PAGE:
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Kurds on hunger strike for bodies of dead relatives

Kurdish families have launched a hunger strike to get the bodies of relatives killed while fighting with the security forces in Turkey’s conflict-ravaged southeast.

DIYARBAKIR, Turkey — “We were supposed to be receiving visitors for condolences now, but we are still trying to get our dead,” Mithat Ogut said bitterly. The middle-aged Kurd — visibly weak — is on a hunger strike. The reason: to press the authorities to let him have the body of his son, killed in clashes between the security forces and Kurdish militants that are raging in urban areas in Turkey’s mainly Kurdish southeast since summer 2015. His son's body, he believes, has been left in the streets in Diyarbakir’s historic Sur district, now a virtual war zone, cut off from the outside world amid round-the-clock curfews. Along with Ogut, five other Kurds have been on a hunger strike at the Human Rights Association’s Diyarbakir office since Jan. 1, demanding the handover of two other bodies from Sur.

According to Kurdish politicians and families, at least 55 other bodies remain unburied in Cizre and Silopi, two towns in Sirnak province that remain under curfew as the security forces battle Kurdish militants entrenched in residential neighborhoods. The dead are believed to include both civilians and militants.

The plight of families unable to retrieve and bury their dead adds another grim aspect to the humanitarian drama unfolding in the cut-off districts. Many fear that the brunt Kurdish civilians are forced to bear — illustrated most grimly by several families forced to keep their dead children in deep freezers — could irreparably damage the Kurdish sense of belonging to Turkey.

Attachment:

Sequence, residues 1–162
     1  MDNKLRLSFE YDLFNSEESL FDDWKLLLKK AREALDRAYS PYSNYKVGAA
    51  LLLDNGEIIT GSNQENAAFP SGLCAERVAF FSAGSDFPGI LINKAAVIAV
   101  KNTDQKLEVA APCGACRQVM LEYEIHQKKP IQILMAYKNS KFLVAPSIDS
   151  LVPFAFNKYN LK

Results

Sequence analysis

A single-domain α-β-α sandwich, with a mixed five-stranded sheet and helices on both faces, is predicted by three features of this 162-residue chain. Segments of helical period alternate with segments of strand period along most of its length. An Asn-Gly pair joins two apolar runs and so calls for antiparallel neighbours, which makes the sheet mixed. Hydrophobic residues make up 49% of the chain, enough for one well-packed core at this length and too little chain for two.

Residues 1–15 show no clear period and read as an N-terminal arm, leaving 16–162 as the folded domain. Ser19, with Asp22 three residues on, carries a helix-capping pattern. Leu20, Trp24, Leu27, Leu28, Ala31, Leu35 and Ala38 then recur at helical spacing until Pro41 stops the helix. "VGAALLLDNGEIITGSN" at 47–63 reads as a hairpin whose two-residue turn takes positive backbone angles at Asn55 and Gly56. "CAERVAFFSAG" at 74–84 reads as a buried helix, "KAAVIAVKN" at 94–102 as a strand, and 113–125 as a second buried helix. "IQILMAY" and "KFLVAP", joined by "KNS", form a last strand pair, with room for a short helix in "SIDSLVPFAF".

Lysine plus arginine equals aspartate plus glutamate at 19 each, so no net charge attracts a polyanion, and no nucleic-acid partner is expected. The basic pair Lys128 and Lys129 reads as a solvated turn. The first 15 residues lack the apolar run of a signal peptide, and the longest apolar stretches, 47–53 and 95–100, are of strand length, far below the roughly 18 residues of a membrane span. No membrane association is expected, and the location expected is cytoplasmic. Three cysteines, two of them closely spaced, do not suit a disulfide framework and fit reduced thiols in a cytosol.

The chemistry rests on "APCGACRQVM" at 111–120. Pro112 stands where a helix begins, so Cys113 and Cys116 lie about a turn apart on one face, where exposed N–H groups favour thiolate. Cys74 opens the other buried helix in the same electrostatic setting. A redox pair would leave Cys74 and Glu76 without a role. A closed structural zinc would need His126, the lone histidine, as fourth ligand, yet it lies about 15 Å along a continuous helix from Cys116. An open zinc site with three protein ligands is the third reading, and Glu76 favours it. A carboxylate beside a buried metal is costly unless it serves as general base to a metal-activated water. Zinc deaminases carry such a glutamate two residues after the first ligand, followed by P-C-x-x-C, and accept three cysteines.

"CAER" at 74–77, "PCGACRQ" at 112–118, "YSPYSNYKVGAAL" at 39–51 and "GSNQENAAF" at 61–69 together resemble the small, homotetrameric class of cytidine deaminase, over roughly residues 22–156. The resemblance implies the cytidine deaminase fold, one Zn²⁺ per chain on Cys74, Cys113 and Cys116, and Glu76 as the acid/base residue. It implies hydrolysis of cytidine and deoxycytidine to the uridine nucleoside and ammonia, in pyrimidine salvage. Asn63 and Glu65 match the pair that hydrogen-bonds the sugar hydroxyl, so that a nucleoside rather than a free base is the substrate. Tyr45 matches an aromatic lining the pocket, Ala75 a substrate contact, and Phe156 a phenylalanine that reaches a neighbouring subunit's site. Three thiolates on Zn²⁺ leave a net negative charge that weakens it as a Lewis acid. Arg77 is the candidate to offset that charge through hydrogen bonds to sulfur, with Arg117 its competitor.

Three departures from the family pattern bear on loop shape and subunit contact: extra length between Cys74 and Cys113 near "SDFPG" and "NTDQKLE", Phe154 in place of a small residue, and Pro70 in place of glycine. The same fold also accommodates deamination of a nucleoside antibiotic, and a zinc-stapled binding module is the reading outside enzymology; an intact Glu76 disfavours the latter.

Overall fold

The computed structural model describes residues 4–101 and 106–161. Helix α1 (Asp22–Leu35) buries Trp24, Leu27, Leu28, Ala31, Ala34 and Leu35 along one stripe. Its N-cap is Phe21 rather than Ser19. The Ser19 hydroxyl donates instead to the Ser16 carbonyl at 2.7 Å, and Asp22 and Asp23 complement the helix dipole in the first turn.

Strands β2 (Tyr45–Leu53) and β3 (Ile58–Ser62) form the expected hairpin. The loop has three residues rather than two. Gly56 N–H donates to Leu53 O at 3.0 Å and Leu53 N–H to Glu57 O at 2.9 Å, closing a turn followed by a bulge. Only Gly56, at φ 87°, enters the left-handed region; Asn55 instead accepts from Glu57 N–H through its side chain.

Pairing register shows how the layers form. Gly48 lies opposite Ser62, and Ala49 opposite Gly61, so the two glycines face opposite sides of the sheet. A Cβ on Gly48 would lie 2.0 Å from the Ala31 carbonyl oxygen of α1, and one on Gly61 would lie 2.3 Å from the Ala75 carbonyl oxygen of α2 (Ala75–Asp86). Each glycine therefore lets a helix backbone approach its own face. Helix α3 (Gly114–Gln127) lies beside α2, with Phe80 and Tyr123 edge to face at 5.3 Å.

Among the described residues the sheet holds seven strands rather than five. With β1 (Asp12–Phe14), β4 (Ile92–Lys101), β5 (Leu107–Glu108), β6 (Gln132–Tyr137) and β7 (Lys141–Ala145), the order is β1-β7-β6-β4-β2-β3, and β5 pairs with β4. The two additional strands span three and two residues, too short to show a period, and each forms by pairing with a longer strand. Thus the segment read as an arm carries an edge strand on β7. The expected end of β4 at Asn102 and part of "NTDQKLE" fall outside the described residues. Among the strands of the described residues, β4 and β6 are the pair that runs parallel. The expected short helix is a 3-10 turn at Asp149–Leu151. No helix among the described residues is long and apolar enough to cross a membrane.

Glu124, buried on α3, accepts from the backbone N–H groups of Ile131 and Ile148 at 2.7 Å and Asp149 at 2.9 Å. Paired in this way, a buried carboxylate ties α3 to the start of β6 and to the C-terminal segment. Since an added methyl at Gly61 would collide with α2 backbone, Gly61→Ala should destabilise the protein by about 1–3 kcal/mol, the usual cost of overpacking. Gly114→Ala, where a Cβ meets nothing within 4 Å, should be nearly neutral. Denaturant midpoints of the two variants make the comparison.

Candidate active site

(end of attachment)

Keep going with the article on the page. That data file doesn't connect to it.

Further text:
A deep sense of mistrust in the authorities lingered among the hunger strikers, wrapped in blankets in a cold and dim room — the result of power outages. Al-Monitor spoke to them on Jan. 6. The women alternated between praying and small talk, while the men told their plight to occasional visitors who came to offer moral support. They all looked weary.

Portraits of their killed relatives hang on the wall. The three young men — Ramazan Ogut, Mesut Seviktek and Isa Oran — were all militants of the Patriotic Revolutionary Youth Movement (YDG-H), the armed youth wing of the Kurdistan Workers Party (PKK). They were killed in clashes in Sur, where the security forces are trying to regain control, struggling with trenches and barricades the YDG-H has put in place to keep them away. The families believe their bodies are still lying in the streets in the besieged district.

For more than two weeks, Mithat Ogut has been trying to recover the body of his son, Ramazan, which, he believes, is abandoned at the Four-Foot Minaret, the ancient mosque where Tahir Elci, head of the Diyarbakir Bar Association, was gunned down in late November. “We’ve lodged an application with the prosecutor’s office. We want the bodies,” Ogut told Al-Monitor. “This is not compatible with Islam. The Religious Affairs Directorate must intervene. I’m appealing to the whole world and all Muslims to help us get the bodies.”

Ogut said the authorities had promised to call when they recover the body. “We are not even sure whether the body is still there. They might even take it and bury it somewhere,” he said, vowing to keep up the hunger strike “no matter what happens.”